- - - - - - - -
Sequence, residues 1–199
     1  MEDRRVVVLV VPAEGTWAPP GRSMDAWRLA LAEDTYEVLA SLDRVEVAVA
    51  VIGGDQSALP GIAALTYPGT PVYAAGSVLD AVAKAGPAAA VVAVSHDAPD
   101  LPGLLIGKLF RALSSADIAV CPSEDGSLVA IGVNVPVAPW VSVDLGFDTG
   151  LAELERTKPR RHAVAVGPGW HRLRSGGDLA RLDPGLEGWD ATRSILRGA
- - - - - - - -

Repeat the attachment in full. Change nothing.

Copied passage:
Sequence, residues 1–199
     1  MEDRRVVVLV VPAEGTWAPP GRSMDAWRLA LAEDTYEVLA SLDRVEVAVA
    51  VIGGDQSALP GIAALTYPGT PVYAAGSVLD AVAKAGPAAA VVAVSHDAPD
   101  LPGLLIGKLF RALSSADIAV CPSEDGSLVA IGVNVPVAPW VSVDLGFDTG
   151  LAELERTKPR RHAVAVGPGW HRLRSGGDLA RLDPGLEGWD ATRSILRGA